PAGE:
The U.S. Poultry & Egg Association has released the results of two of its latest studies: one entitled "Recombinant Laryngotracheitis Virus Vaccines: Evaluation of Effectiveness for Prevention of Disease in Commercial Broiler Chickens" and another entitled "Paw Burn Reduction in Broiler Chickens through the Use of Feed Grade Enzymes."

In the first project, the effectiveness of commercially-available, recombinant virus-vectored laryngotracheitis vaccines was compared to modified-live virus vaccines. Recombinant LT virus vaccines, when individually administered in ovo, had less protective immunity compared to conventional modified-live virus vaccines. Chickens vaccinated with both recombinant vaccines had similar protection compared to conventional CEO and TCO vaccine treatments, and absence of clinical LT signs and body weight depression. The conclusion was that recombinant virus-vectored vaccines may improve the safety and effectiveness of subsequent CEO vaccination by reducing numbers of birds with detectable LT virus in the trachea compared to CEO vaccination alone.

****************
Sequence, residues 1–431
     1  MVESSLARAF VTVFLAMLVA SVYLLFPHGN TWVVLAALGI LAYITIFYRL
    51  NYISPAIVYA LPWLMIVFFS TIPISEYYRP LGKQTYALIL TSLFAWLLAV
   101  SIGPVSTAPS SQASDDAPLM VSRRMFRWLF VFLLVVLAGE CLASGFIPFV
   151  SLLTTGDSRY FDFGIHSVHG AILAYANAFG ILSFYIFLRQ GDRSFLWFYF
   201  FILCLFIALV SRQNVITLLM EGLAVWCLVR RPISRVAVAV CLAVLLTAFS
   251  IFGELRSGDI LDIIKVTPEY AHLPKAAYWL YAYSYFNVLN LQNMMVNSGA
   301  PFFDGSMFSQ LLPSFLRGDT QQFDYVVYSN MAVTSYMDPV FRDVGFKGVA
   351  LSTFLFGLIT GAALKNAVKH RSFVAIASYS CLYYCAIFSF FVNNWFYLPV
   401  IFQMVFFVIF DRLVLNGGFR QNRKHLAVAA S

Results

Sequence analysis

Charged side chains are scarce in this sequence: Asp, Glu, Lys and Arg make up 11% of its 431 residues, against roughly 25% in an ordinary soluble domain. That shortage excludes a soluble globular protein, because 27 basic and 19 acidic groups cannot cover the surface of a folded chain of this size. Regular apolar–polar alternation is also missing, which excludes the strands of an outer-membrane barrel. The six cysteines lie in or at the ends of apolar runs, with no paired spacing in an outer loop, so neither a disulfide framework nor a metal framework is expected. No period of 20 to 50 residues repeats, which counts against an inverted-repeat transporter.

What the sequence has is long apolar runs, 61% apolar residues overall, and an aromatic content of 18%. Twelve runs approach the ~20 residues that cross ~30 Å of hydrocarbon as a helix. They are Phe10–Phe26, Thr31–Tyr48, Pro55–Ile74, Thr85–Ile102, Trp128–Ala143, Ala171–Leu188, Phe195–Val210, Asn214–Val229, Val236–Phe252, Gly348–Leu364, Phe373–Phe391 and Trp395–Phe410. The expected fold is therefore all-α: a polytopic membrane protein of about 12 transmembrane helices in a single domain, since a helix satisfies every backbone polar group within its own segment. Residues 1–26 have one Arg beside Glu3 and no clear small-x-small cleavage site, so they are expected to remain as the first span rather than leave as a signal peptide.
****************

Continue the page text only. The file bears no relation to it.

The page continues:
In the second project, trials were conducted to determine if feed-grade enzymes improve foot pad quality through a reduction in undigested complex carbohydrates being passed into the litter. Six commercial enzymes fed throughout the grow-out period did not improve foot pad quality scores in broilers, according to results, though improvements in intestinal viscosity were observed in most enzyme treatments. In addition, supplementation of broiler diets with high levels of biotin also resulted in no improvement of foot pad lesions. Overall, litter moisture was shown to have a substantial effect on the development of foot pad burns, indicating the importance of proper in-house environmental management.

The two studies are part of the USPOULTRY’s research program encompassing all phases of poultry and egg production and processing.